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Four quick fixes to behavior problems

I work with many parents who expect quick solutions to complex problems. They get frustrated if the wait for fast food is more than a few moments, and complain if it’s more than 30 minutes for a pizza to be made, cooked, and delivered to their home. They expect an immediate response to their text messages, and get annoyed by the seconds it takes for their iPod to power on.

I caution parents that bad behavior that developed over years won’t typically be resolved in a few weeks. Even so, significant progress can be made when parents and therapists do the following.

  1.  Clearly define the problem. I advise parents to avoid global descriptions of inappropriate behavior and carefully define specific areas of concern. “Poor school performance” gets replaced by non-completion of homework. “Poor attitude” becomes defined as sarcastic comments during dinner. We don’t discuss “aggressive behavior” but rather the number of times a child hits his younger brother.
  2. Focus on a few issues. Once a problem becomes clearly and specifically defined, it’s easier for parents to focus their attention and energy. Many parents feel overwhelmed, frustrated and incompetent in managing their kids’ problems. These are usually good parents with wonderful intentions, but they get emotionally exhausted by their kids’ relentlessly bad behavior. I ask parents focus their energy and commitment to change one troublesome behavior rather than complain about their child’s overall problems. When parents focus, change happens very quickly.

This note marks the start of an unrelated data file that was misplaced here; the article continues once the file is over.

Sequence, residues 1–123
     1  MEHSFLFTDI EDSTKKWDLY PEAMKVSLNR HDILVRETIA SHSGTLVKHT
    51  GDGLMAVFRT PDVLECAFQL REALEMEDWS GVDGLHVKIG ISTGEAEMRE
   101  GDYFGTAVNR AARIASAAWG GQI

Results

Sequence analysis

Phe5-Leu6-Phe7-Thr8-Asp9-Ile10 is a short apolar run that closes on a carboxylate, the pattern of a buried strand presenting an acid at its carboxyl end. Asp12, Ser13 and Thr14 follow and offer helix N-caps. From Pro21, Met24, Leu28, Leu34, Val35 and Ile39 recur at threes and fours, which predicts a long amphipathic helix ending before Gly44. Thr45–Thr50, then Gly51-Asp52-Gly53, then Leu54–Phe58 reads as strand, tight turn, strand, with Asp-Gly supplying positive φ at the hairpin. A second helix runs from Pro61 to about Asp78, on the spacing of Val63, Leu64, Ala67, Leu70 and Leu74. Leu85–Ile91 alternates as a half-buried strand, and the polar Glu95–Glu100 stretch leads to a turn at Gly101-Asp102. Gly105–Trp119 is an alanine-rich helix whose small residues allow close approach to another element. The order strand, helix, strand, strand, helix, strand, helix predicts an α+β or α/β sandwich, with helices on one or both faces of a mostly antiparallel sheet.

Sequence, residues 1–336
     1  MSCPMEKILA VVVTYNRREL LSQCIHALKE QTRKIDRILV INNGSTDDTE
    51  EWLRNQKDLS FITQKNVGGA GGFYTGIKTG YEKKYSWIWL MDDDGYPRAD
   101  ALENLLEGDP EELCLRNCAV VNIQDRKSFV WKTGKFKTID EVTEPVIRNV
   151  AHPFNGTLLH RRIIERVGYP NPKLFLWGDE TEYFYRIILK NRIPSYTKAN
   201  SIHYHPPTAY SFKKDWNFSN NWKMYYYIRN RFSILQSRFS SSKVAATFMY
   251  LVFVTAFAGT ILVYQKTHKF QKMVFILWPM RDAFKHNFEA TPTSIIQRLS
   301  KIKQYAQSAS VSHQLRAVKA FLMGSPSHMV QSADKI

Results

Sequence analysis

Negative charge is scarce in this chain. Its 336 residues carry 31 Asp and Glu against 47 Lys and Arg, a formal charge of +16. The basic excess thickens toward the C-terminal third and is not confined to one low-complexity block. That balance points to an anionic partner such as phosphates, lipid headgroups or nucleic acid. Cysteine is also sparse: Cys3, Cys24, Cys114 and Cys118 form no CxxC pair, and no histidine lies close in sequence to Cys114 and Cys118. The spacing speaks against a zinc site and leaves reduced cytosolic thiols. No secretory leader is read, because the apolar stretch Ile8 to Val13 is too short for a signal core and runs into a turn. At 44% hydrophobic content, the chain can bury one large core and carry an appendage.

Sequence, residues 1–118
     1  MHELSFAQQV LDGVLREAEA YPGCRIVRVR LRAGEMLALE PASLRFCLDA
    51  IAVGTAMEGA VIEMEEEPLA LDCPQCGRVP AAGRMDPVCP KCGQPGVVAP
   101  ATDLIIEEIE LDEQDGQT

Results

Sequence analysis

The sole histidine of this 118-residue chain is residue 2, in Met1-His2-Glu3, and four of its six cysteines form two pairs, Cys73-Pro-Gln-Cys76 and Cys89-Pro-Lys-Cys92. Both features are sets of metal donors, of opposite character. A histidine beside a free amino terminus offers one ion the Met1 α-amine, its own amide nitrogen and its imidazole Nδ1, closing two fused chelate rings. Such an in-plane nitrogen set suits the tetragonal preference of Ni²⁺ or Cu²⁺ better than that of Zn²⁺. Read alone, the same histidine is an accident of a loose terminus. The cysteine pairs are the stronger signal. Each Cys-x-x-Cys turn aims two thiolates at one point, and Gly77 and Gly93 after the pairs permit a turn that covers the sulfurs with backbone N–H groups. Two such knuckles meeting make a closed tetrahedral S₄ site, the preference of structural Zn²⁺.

3. Consistently follow through. You are wasting your time taking your child to therapy if you are unable or unwilling to follow through with the treatment plan. Here are the types of things that therapists hate to hear—“I was too busy this week,” or “something came up and I wasn’t able to…”  I terminate therapy if that pattern continues. Parents are welcome back when their child becomes a higher priority than their work, hobbies, or other interests.
  4. Strong involvement by both parents. The success of therapy is directly related to the involvement of both parents. I rarely require the attendance of both parents at our sessions, as I understand the many practical problems of trying to take time off from work. However, I do require that parents talk with each other and implement our agreed upon program.

There are special issues with divorced parents, live-in companions, and kids raised by grandparents. If these adults are actively involved in raising your child then they’ve got to be involved in the treatment plan. You’ve got to put the love for your child above any animosity you feel towards an ex-spouse.

Therapists can’t fix your child as quickly as you get a hamburger and fries at a drive-through restaurant. However, you will experience substantial progress in your child’s behavior by paying attention to those factors listed above.

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We have created this blog as a way to communicate key childrens' health and safety issues to parents and other child advocates. It is managed by Dayton Children's department of marketing communications. Comments can be sent to rodneyg@childrensdayton.org.

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